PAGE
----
What do analysts make of Admiral’s results, including the decline in profits for Confused.com?

Confused.com’s 20% decline in operating profit was a black mark on an otherwise sparkling first-half performance from parent company Admiral, and disappointed equity analysts as well as company management. However, Confused’s fortunes could easily be turned around and, despite declining profit levels, it is a valuable asset to Admiral, analysts contend.

Confused’s dip in operating profit to £8.8m in the first half of 2010 from £11m in the same period last year was accompanied by a 9% dip in revenue to £36.6m from £40.2m. Admiral’s total revenue from comparison sites for the first half of 2010 was £38m, of which £1.4m came from the firm’s foreign sites. Admiral said revenues from its foreign comparison sites, which comprise Rastreator.com, LeLynx.fr and Chiarezza.it, were “practically nothing” in the first half of 2009.

Admiral blamed the declining revenues and profits at Confused on its unsuccessful TV marketing campaign, which has relegated Confused to second place in the aggregator market in market share terms. The company plans to launch a new campaign during the current half.

“I suspect the drop in revenue is largely down to the meerkat making so much headway,” Charles Coyne, analyst at stockbroker FinnCap, said, referring to Comparethemarket.com’s TV advertising campaign. “However, to have such a big decline in revenue is very poor indeed.”

All part of the game

A further source of disappointment for some was the fact that, despite the trend for comparison sites branching out beyond motor insurance, Confused generated less of its revenue - 21% - from non-motor sources in the first half of 2010 than during the same period of 2009, when non-motor revenues made up 22.1% of the total.

“It is probably linked to the lack of success with the marketing campaign but it is slightly disappointing because I would expect over time for share of non-motor to move up from around 20% now to 30%-40% as household and other areas grow,” equity analyst at stockbroker Jefferies, James Shuck, said.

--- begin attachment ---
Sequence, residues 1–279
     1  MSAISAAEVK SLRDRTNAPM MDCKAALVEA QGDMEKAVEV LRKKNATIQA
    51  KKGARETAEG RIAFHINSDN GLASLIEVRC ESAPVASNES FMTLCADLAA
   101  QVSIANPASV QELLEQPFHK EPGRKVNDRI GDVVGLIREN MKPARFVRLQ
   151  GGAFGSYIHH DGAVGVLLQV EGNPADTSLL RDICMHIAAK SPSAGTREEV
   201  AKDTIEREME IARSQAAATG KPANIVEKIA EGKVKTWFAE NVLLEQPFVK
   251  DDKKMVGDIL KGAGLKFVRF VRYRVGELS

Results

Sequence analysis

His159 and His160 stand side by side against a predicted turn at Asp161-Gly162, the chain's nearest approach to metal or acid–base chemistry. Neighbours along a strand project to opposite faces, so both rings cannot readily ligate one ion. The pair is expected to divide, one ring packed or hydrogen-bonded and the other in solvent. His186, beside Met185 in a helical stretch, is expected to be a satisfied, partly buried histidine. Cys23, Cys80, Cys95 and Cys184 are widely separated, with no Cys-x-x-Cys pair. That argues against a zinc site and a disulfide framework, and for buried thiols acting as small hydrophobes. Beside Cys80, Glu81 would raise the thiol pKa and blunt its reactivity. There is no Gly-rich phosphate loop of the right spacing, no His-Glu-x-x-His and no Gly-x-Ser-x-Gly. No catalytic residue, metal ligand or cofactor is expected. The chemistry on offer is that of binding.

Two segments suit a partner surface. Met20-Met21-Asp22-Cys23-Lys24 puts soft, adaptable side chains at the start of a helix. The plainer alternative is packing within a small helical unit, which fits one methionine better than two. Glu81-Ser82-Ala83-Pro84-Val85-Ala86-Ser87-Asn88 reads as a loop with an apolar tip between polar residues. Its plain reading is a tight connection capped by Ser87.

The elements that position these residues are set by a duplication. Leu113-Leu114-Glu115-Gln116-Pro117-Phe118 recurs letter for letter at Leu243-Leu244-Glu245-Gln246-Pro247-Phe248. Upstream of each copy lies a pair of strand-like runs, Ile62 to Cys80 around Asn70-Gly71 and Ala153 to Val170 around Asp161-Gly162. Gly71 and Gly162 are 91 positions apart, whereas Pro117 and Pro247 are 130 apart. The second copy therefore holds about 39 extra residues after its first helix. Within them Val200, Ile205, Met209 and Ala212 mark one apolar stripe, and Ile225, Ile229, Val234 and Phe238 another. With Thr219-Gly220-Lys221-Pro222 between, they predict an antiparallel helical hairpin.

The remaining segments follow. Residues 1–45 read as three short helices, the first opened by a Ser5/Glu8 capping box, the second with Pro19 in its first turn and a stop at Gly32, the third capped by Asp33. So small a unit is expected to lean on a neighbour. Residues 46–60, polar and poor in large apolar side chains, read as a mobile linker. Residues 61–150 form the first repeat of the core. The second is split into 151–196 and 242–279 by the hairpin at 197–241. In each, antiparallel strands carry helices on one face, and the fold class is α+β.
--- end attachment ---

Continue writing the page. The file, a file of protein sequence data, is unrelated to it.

Shuck points out that the valuation of Confused has been falling steadily over the years. For example, when private equity firms were looking to buy the company back in 2007, it was valued at around £600m. Shuck currently values the company at £320m.

However, he adds that such a decline is to be expected given the nature of the price comparison business. Back in 2007, he says, Confused’s market share was 58%, but had falled to 37% in the first half of 2010. “At no stage did we think there were no barriers to entry in this business and they would hold onto that market share forever,” he says.

Worth holding on to

Despite Confused’s poor performance in the first half of this year, however, a turnaround is just a successful ad campaign away. And it is unlikely to prompt Admiral to dispose of the unit.

“Owning an aggregator has helped Admiral develop its ability to do business through aggregators and understand how the pricing and technology works, which is why I don’t think Confused.com is for sale,” Oriel Securities analyst Thomas Dorner says. “In addition, selling it may not make sense as it generates reasonable profits and requires virtually no capital, so its return on capital is high.”

Shuck agrees that Confused is a valuable tool for Admiral. He says the company’s international expansion strategy involves pairing a price comparison site with a motor insurance product. “They can take the Confused platform and set a similar entity up in Italy, Spain and France,” he says. “It is very cost-effective to leverage that platform out to new markets.”

And while profits may be lower than they were, they cost Admiral relatively little to produce – unlike its core insurance business. “It is a business that requires no capital and still generates several million pounds worth of profit,” says Dorner. “It’s just that it doesn’t generate as much profit as it did before. It is disappointing, but in the scheme of the results overall it is immaterial.”